If you have been following this journey on PBS Great American Recipe this post covers Episode 3-For the Love of Food and Episode 4-Meals on the Move.
PBS Great American Recipe:
What should have been an easy cook turned into a real nightmare for me.
Comfort food should be easy, except when you make it on national TV and are told you can’t cook something the way you have for thirty years, well, then it becomes a challenge.
I wanted to make my standard blintz casserole which is a “Break The Fast entree” for us along with Lox and Bagels.
Easy to do using frozen blintzes, this simple casserole is baked right before breaking the fast on Yom Kippur.
Creamy, and a bit sweet, this dreamy blintz casserole is pretty standard Jewish fare.
Honestly, it would be perfect for any Sunday brunch and I know you will appreciate the ease of preparation.
What I made on the show in no way resembles this recipe.
And what was made on the show was nothing like what I serve on Yom Kippur.
The powers that be wanted me to make actual blintzes with prepared crepe wrappers and though I gave it my best shot, the ingredients I was supplied with just didn’t work.
It is not so easy if you are handed giant dry crepes that fall apart when you attempt to roll them.
And those that did get rolled, broke up when I tried to fry them, even though I also chilled them before hand.
Being told I couldn’t use frozen blintzes was a surprise to me.
I could have made real blintzes but I was worried about the time limit and therefore tried to do it with pre-cooked crepe wrappers.
This is not a mistake I will make again!
The whole thing about PBS Great American Recipe is they want you to cook and they didn’t think a dish made with frozen blintzes was enough cooking.
Though I argued I said I agreed to trying it their way, which was a big mistake on my part; because it did not work!
I ended up layering the crepe wrappers like lasagna and if I had known this would happen I am sure I would have made another recipe for this challenge.
Thankfully Graham Elliot, my knight in shining armor, stepped in to rescue me and I at least had something to place before the judges.
Not my favorite way to do things!
But I promise if you make what I have been making for thirty years, you will love it!
Normally I serve blintzes with jam, but on the show I made this Sephardic charoset, which they didn’t even mention.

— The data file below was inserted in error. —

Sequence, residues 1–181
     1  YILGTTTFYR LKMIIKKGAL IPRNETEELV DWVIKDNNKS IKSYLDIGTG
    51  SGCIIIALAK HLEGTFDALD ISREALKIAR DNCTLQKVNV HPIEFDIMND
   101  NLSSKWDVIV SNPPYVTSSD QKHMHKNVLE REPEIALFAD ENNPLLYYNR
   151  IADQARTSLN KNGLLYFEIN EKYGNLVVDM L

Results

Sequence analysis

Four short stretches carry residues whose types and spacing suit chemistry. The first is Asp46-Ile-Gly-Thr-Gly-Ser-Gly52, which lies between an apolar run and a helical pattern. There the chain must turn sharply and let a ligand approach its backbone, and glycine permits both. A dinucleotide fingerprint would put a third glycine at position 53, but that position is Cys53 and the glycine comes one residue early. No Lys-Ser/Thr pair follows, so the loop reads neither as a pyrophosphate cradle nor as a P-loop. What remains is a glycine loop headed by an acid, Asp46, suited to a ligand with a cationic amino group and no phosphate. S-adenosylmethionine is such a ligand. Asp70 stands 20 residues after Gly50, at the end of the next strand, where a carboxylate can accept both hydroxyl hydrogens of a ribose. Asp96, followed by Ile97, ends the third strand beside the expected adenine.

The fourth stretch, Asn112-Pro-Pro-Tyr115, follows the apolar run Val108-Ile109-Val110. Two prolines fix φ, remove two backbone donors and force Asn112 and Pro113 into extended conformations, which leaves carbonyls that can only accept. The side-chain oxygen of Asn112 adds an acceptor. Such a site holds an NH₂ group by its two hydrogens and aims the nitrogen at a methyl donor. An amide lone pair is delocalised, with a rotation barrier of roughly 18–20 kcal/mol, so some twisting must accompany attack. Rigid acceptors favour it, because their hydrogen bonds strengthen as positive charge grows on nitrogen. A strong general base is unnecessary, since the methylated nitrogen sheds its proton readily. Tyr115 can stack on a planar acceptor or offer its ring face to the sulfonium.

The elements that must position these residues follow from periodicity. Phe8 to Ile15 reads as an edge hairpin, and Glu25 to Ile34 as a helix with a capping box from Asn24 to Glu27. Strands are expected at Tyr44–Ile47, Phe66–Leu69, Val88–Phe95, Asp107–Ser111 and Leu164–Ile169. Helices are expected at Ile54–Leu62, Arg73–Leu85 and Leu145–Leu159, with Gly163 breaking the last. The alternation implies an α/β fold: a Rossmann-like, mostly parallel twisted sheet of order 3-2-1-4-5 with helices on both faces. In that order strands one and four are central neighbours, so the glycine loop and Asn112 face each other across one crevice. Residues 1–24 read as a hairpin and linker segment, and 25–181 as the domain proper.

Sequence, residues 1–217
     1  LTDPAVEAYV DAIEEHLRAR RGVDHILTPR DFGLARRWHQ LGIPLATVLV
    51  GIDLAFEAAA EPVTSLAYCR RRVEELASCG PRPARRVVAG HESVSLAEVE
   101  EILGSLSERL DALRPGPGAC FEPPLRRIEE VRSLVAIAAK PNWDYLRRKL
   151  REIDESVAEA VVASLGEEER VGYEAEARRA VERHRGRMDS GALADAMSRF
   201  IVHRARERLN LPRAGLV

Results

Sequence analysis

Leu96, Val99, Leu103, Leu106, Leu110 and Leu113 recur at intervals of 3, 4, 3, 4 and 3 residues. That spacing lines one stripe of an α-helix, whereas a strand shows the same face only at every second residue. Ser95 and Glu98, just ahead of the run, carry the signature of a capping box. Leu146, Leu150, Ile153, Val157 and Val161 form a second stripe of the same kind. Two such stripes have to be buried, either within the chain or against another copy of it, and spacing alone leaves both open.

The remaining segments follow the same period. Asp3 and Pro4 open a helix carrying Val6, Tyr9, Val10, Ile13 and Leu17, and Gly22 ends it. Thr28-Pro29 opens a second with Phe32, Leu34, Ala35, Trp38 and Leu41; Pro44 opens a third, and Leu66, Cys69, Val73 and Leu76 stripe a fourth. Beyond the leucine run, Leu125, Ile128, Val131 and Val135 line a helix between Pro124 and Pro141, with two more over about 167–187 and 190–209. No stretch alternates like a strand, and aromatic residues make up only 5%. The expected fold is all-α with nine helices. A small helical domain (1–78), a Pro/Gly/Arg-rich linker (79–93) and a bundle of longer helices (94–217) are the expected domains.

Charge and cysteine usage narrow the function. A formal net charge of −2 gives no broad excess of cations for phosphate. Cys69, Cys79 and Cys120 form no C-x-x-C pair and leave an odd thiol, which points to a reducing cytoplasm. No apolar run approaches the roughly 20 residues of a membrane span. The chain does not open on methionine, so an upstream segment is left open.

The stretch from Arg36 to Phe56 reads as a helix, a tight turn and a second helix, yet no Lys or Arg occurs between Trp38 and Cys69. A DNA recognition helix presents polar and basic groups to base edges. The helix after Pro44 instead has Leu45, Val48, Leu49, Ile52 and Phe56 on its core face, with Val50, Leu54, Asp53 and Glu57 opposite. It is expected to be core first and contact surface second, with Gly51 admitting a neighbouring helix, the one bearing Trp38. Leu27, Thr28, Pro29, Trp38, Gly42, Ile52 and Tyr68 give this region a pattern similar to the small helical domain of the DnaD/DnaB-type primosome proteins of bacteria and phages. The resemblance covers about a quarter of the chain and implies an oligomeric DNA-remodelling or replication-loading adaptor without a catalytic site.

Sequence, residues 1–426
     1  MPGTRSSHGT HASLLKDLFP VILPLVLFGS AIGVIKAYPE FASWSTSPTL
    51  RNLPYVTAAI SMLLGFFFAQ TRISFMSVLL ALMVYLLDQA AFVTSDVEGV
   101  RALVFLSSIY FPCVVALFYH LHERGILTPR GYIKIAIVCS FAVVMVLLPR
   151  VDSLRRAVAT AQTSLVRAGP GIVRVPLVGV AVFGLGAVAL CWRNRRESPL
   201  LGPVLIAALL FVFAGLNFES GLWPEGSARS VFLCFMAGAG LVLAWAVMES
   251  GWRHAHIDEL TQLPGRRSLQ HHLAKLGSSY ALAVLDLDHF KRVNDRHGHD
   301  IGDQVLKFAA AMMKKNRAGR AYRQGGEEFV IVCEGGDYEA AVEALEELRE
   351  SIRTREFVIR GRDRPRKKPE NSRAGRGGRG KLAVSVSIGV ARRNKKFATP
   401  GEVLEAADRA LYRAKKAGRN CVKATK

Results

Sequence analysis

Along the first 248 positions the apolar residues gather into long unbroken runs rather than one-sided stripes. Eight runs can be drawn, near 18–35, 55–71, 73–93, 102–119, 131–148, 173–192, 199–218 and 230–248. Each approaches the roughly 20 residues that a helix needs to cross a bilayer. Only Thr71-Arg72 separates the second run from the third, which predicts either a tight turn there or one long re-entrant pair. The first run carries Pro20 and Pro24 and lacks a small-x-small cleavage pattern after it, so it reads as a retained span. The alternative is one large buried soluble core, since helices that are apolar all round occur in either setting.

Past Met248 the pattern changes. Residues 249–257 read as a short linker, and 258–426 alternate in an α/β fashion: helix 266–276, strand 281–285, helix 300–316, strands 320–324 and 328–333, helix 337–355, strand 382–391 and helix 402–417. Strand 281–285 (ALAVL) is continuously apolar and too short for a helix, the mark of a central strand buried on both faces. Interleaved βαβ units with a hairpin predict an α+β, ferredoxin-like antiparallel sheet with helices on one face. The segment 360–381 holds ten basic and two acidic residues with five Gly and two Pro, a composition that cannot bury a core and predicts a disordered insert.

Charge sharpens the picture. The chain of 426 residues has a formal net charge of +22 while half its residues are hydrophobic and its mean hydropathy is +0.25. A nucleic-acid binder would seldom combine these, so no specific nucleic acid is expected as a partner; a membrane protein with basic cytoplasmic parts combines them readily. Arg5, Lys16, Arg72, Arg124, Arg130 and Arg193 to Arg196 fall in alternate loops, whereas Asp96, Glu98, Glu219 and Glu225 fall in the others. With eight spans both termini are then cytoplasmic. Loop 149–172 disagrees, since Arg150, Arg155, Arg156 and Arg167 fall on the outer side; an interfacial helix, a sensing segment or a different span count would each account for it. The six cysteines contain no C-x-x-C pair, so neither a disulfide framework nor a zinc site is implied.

We love it, so next time you want something besides apple charoset, give it a try.
The second half of this competition was, ” The Way to Your Heart. “
My mother in law’s recipe for red beans and rice was what she served to me the first time I met her and also the last meal she ever made for us before Alzheimer’s took over.
This is a great recipe but on the show required me to use a pressure cooker.
Not being familiar with a pressure cooker meant in my case the beans did not cook enough.
Yes, it was a real bummer!
Technicalities do count and the judges were right, but I can’t accept this as my failure because I do make great red beans and rice.
I just don’t make them in a pressure cooker.
I cook them low and slow on top of my stove where I can smell them simmer all day long.
They are savory, full of lots of spice and melt in your mouth.
Perfect with cornbread, my red beans are loved by whoever tastes them.
But some things in a competition are just beyond your control and though I felt bad, I can’t beat myself up over it.
PBS Great American Recipe Episode 4
Meals on the Move!
Making breakfast burritos isn’t hard, but making good breakfast burritos is.
I love breakfast burritos and often make them for dinner, too.
But making breakfast burritos taste good can take some time.
Anyone can throw together a burrito but it is the layering of ingredients in the correct order that makes a difference.
Not using too much or too little filling does also.
Cooking everything and assembling them is not a quick process.
Granted this recipe makes 8 burritos, but it does take some time.
Somehow the producers got the idea that I should roast and chop my own green chiles.
(They made time management very hard for us, thinking they knew how long things should take. Since we have been cooking these dishes for years, it would have been nice if they had trusted us on how to use our time.)
I quickly nixed that idea and was able to rely on a can.
Then they had me boil potatoes and chop them, but ordinarily I would use frozen hash browns which taste great and save time, too.
Using ham is also a timesaver, but cooked chorizo or other breakfast sausage works and tastes great in these also.
Plus you don’t need sausage unless you want it.
Since these are supposed to be recipes by home cooks I could never quite understand why they felt the need to make them more complicated.
Additionally, they had me make pickled vegetables to serve with these.
Now I don’t know about you but if my kids are grabbing these on the run, there is no way they’d grab pickled vegetables to take with them.
The judges loved my burritos and that made me feel good after my disaster in round 3.
If you like breakfast burritos, give them a try and see if you agree with the judges.
Then it was on to the Bake Sale. I do love bake sales. Do schools still have them?
I made my coconut macaroons which I bake every year for Passover in countless varieties.
The pina colada version was a hit and though the judges found no fault with my recipe and actually raved about them, I still did not make it in the top two.
Subjective, yes. Disappointing, yes. But that’s the way it goes!
Give them a try. Coconut lovers and cookie lovers will rejoice!
These chewy, moist macaroons are rich and candy-like.
And before you know it we are halfway through the competition for the PBS Great American Recipe show.
Stay tuned for further adventures and be sure to read my last two posts about this journey.
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